8. I need more Jesus. You cannot teach without a humble heart, and you certainly can't shove your love for a subject down a student's throat with THAT attitude.

Phew, challenge accepted, though it be daunting.

Preparing to face the world with Jesus, the ultimate Teacher,


  1. You will do great! You aren't the "usual" sort of a teacher, and THAT means you will be a good one. Your kids will understand you love them and want them to learn, not only the material for the day, but many other of life's important lessons. Go with God and with joy!! :)

  2. Thanks, Becka! Your comment was very encouraging :)

  3. I had many of the same concerns as you express here, and although some of them were present when I began my career, I have found that I treasure all of those memories (even the early ones) as a part of the growth experience. So, let's consider some of what you have to say:

    1. I had some of the same concern about looking young. As you grow older, you will be glad that you have always looked young for your age. I was approached by teachers (both when I student taught and when I first started teaching) who thought I was a student instead of a teacher. I think you are right that it makes you approachable, which is highly important to your students. I remember with fondness how young I was when I began. Even now, my students joke that I am smaller than they are. Don't worry about this at all! It does not cause a problem.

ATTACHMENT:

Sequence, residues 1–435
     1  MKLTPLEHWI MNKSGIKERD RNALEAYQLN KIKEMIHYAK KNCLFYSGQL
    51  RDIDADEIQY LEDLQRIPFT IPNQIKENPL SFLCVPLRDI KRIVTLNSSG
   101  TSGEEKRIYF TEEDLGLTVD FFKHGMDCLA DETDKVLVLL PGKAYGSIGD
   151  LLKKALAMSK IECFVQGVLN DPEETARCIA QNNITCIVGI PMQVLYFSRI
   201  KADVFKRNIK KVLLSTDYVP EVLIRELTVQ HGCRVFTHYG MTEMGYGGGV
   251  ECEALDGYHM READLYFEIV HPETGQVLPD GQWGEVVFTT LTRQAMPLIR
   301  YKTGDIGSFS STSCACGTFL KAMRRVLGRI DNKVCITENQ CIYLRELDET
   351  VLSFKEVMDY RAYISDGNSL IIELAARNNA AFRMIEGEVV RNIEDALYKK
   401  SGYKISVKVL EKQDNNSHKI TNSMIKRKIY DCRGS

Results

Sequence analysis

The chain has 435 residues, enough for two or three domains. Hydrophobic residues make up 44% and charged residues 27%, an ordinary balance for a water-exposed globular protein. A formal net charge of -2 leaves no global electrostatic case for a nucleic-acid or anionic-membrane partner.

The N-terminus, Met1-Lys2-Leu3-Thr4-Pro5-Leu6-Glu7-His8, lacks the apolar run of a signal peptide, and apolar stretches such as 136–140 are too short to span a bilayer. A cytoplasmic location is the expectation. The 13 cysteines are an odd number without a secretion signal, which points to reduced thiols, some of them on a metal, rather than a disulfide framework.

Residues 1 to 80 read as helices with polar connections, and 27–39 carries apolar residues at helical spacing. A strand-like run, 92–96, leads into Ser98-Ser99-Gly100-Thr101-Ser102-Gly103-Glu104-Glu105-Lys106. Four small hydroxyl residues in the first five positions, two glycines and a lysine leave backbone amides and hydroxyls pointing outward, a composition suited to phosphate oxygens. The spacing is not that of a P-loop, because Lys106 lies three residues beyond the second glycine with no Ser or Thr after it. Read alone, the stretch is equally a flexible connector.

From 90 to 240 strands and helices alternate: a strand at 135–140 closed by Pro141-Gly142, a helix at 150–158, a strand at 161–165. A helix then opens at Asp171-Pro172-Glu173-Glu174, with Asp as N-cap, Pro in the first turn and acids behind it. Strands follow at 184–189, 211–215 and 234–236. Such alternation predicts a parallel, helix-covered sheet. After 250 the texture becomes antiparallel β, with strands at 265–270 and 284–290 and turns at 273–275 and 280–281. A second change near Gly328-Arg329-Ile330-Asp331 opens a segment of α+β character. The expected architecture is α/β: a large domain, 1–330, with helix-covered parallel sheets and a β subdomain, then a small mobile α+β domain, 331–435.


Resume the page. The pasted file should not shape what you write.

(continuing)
2. Looking professional is a matter of clothing; however, it is also a matter of attitude. If you exude professionalism, your clothing is not as important. It is important to be approachable by your students, but it is also important to maintain a certain distance as well. (By the way, shopping is definitely fun! Enjoy it!)
    3. See my answer to number 2. You will be fine!